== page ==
Oh the Glory of It All, by Sean Wilsey. The Penguin Press, 482 pages, $25.95.
Sean Wilsey had a lousy childhood, which is a shame. Then, when his father died, his stepmother inherited a considerable fortune, part of which might otherwise have gone to Sean, who got nothing, which is also a shame. Before you reach for your hanky, though, consider that in addition to arranging for a lousy childhood, his fabulous, monstrous parents handed him material for a slam-bang memoir, which in this day and age is all the leg-up a bright kid really needs. But now, with Oh the Glory of It All, a long, sloppy, aimless mess that buries its own bright beginnings, Sean Wilsey has squandered his only birthright, which is the biggest shame of all-because unless you’re a Hollywood legend or a former President, you only get to write your memoirs once.
Mr. Wilsey peddled his story on the basis of 100 pages; a couple of paragraphs would have done the trick. His mother, Pat Montandon, was a true beauty, three times married, loopy and magnetic, who made herself into a top-tier San Francisco hostess: “Meeting Mom is like meeting a celebrity you’ve never heard of.” In San Francisco in the 60’s and 70’s, she was a celebrity-doing local TV gigs, writing a society column in the Examiner, throwing sumptuous parties. Sean’s father, Al Wilsey, also three times married, with four grown children, was a butter and real-estate magnate, an odd, changeable man with a murky past and a weakness for jet helicopters.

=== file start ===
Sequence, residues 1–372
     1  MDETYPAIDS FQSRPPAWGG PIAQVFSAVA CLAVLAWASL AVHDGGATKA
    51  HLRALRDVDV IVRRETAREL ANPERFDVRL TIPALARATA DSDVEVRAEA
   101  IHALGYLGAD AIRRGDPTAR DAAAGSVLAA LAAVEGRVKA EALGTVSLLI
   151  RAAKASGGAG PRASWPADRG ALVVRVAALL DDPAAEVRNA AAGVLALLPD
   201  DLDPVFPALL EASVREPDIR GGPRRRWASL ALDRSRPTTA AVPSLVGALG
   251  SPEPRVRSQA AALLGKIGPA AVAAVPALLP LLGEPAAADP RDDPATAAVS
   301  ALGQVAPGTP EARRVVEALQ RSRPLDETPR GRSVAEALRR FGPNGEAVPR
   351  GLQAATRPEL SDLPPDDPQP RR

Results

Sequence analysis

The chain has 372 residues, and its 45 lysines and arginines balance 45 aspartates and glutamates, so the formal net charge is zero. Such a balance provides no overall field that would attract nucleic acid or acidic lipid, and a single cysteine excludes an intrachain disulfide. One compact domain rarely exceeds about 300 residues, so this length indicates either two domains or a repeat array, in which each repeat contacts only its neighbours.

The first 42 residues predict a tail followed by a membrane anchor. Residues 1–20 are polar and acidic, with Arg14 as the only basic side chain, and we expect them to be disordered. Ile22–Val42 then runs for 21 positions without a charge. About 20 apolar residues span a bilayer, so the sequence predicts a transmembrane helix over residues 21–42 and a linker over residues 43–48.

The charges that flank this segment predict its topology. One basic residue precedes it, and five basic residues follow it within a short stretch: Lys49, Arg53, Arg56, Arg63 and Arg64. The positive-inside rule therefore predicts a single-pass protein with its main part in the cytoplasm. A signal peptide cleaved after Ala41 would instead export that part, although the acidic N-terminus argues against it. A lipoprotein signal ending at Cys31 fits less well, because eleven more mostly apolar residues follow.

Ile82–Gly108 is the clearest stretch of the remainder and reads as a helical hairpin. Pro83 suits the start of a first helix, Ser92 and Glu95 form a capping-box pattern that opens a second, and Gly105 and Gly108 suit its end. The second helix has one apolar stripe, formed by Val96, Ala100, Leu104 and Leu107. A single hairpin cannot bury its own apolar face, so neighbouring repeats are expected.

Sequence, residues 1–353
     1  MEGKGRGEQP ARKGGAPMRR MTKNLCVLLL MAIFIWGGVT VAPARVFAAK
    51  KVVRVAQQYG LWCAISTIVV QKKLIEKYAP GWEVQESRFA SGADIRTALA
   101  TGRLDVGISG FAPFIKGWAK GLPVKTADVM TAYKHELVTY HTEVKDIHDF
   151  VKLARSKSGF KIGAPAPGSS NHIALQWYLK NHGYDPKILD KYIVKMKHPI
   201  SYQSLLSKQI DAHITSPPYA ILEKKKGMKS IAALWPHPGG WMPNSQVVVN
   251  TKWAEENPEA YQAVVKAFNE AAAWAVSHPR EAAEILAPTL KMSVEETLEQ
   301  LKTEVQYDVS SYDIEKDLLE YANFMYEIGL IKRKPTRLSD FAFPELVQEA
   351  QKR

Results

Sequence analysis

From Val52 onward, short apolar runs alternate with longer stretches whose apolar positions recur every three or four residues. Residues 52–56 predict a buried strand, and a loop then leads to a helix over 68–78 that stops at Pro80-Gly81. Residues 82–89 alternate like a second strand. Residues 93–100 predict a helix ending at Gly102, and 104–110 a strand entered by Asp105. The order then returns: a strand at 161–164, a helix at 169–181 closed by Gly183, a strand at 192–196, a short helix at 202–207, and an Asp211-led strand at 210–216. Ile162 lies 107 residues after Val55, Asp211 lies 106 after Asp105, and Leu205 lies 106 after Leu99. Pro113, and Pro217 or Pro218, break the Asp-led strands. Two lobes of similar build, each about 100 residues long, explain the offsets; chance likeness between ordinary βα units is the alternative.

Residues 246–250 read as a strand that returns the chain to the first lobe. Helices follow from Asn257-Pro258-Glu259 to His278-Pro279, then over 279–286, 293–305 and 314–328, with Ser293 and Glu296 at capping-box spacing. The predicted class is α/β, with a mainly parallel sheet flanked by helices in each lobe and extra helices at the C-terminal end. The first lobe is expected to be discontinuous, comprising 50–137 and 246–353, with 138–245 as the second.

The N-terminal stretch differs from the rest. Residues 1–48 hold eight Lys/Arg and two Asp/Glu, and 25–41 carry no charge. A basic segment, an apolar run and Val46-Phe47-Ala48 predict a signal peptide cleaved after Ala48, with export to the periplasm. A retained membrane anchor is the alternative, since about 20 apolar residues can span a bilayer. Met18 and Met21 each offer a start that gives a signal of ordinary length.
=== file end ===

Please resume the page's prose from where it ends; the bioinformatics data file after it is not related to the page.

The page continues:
Al and Pat lived richly together, in a legendary penthouse on Russian Hill (“eight hundred feet in the air above San Francisco”), until Sean, Pat’s only child, was 9. Then Al left Pat for Pat’s much younger best friend, Dede, and Sean’s parents fought a bitter and costly court battle over money. The divorce became a tabloid sensation; in 1980, the National Enquirer chose this headline to accompany a full-page photo of Pat: “THE WORLD’S MOST EXPENSIVE WIFE.”
Wait-there’s more, much more. After her husband’s rank betrayal (Al also had an affair with Danielle Steel-too perfect), Sean’s mother waxed suicidal. “I’m eleven, almost twelve. Mom comes out of her bedroom in a long white nightgown and sits at the top of the steps overlooking the city. She looks miserable, defeated …. She asks me to sit down with her …. We stare out at the view. ‘Sean,’ she says, ‘I’m going to kill myself tonight and I want you to kill yourself with me.'”
But before she could kill herself, taking her son with her, Pat got religion-more precisely, she had a “vision” and found a cause: world peace. In the last decade of the Cold War, she paraded around the globe with a multi-ethnic coalition of kids (Sean included), laying siege to the White House and the Kremlin, visiting the Pope, Indira Gandhi, Anwar Sadat’s widow, carrying the message that children are “Teachers of Peace.”